The Kynge willed me to sende unto youe and to giff youe worde of his pleasure in the said question.
• Lingard states that the King was not altogether satisfied with the answer of the University, as it embraced a condition "cognitam a priore viro per carnalem copulam," which his Majesty had excluded from the question. According to Dr. Buckmaster's statement there was no such dissatisfaction expressed by his Majesty. Burnet has printed some of these documents; and also a joint letter from Gardiner and Fox to the Council, in which they state: 'that in the Grace of the Senate they wished to have had inserted “major pars” instead of "duæ partes,” but this they could not accomplish:' they add, 'that the delegates are so chosen as to insure a favourable determination.'-ED.
A LETTER FROM THE KING TO THE VICE-CHANCELLOR, DESIRING HIM TO SEND TO LONDON TWELVE LEARNED MEN TO EXAMINE PRINTED Books.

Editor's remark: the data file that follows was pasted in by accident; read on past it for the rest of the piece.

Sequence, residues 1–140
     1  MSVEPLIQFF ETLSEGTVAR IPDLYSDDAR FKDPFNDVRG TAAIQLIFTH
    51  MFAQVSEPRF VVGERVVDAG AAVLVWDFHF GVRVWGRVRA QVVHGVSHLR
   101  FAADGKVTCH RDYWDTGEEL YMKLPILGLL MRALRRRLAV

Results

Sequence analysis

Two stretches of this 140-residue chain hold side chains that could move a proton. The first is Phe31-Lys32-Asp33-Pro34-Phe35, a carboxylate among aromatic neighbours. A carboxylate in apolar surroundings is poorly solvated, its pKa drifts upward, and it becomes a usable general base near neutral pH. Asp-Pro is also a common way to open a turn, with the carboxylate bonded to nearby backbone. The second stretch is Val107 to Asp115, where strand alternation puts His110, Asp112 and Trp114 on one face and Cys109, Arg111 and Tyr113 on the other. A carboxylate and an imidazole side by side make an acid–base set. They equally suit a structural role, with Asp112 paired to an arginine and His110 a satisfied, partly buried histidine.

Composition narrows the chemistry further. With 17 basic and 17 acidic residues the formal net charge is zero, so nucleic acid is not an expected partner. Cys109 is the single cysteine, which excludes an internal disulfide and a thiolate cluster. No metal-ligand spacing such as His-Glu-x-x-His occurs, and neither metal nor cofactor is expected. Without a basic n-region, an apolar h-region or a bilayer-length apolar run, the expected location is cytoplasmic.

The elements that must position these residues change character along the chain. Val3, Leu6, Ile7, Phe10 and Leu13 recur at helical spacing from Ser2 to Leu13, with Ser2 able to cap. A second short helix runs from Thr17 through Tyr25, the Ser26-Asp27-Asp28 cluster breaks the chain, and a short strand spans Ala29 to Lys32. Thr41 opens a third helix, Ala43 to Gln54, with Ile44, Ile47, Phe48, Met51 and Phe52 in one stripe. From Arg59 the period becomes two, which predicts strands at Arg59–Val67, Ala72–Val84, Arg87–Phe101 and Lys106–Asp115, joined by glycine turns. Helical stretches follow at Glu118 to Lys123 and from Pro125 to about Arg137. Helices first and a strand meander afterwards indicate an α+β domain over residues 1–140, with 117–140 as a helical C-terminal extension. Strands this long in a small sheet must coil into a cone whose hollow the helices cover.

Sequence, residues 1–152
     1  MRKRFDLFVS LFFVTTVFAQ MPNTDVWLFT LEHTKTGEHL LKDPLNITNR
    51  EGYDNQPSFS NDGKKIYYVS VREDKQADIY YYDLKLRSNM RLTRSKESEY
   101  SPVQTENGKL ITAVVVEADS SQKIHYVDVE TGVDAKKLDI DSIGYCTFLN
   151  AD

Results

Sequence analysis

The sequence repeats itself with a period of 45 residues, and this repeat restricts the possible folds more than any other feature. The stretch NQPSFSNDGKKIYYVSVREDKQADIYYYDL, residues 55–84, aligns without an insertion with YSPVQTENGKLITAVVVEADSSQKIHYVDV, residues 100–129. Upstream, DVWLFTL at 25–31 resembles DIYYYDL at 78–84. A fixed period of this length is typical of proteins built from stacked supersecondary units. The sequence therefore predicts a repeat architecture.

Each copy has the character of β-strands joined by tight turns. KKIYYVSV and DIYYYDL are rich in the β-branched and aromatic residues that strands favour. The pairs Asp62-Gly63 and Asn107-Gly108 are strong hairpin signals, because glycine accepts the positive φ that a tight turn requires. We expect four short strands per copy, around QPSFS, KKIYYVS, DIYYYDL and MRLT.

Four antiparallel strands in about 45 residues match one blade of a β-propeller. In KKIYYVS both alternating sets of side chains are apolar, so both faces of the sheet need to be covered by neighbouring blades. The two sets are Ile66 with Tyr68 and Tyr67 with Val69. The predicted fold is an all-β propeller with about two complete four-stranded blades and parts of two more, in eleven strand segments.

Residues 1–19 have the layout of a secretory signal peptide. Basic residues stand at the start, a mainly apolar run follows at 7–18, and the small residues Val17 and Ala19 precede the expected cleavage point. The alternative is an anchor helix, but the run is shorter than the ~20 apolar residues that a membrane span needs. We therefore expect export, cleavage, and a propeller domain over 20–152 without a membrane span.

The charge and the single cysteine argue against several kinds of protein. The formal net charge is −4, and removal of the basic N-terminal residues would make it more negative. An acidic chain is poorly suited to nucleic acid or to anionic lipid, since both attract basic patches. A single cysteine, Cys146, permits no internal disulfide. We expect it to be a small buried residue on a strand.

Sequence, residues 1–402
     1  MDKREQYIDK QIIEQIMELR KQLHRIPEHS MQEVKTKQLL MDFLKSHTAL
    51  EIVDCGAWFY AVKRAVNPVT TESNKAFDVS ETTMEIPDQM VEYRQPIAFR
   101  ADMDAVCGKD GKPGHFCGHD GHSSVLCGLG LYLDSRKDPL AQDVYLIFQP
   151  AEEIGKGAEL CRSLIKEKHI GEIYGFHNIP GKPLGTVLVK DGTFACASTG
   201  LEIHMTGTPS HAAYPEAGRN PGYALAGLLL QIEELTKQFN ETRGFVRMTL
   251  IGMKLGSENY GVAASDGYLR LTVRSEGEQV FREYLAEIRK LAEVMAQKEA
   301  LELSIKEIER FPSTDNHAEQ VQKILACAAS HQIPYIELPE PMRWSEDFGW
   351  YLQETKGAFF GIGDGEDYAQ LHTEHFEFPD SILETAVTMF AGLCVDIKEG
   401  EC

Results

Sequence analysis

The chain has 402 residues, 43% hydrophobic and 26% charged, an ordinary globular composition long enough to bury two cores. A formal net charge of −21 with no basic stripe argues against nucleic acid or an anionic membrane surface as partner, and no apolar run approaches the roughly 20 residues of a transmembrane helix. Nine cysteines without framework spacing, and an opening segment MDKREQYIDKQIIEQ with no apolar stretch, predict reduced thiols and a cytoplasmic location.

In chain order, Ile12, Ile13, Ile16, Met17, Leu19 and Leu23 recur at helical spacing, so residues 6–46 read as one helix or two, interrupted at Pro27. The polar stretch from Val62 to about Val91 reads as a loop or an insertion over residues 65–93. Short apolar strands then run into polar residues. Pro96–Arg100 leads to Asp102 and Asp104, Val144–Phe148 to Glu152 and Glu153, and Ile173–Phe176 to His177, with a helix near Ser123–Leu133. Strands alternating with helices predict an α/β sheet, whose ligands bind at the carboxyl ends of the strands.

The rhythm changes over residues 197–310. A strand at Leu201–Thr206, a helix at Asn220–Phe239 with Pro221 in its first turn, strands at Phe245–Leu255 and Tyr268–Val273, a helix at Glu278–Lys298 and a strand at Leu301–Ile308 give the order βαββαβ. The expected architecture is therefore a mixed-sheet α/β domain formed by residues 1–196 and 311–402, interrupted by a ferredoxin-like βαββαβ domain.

To our trusty and welbeloved the Vicechauncelor of our University of Cambridge Trusty and welbeloved we grete you well And wheras we be enformed that in the handes of our people be now conversant and commonly red and divulgated certayn printed bokes written in the Englyshe tonge conteyning such erronious and pestiferous wordes sentences and conclusions as might perverte and corrupte ther judgements and opinions and be occasion of division contention and debate in the chief and principal points and articles of our faith and religion. Whereupon is lyke to ensue onles it be foreseen and repressed in tyme the dissolution of our common wealthe with the total confusion and destruction of the same. We therfor callyng to our remembrance the care and charge committed unto us by almyghty God in the administration and governaunce of this our realme and that in the same is specially to be regarded the unite and agreement in oone persuasion of faythe and religion, the dissension wherein as being grounde and fondement movithe confoundeth and totally subvertethe all the reste besedes the juste provocation of the indignation of almighty God against suche as abuse their knoleage and understand after that sorte Upon theise considerations entendyng with the advises and counsailles of the beste clerkes and lerned men within this our realme to vieu and peruse suche bokes and to perpende and consydre the contents of the same with so indifferent examination as oonly respecte and regarde shalbe had to the pure and syncere trouthe of Goddes faythe and religion reprovyng and rejecting that which is erronious and sedicious and likewise allowing and approving the reste that is good and frutefull desire and praye you that of the beste lerned men in divinitie within that our university of Cambridge ye will chose out and apointe the nombre of twelve willyng and commaundyng them to reasorte to London so as they may be there by tuesdaye at night at the ferthest. At what tyme ther shall also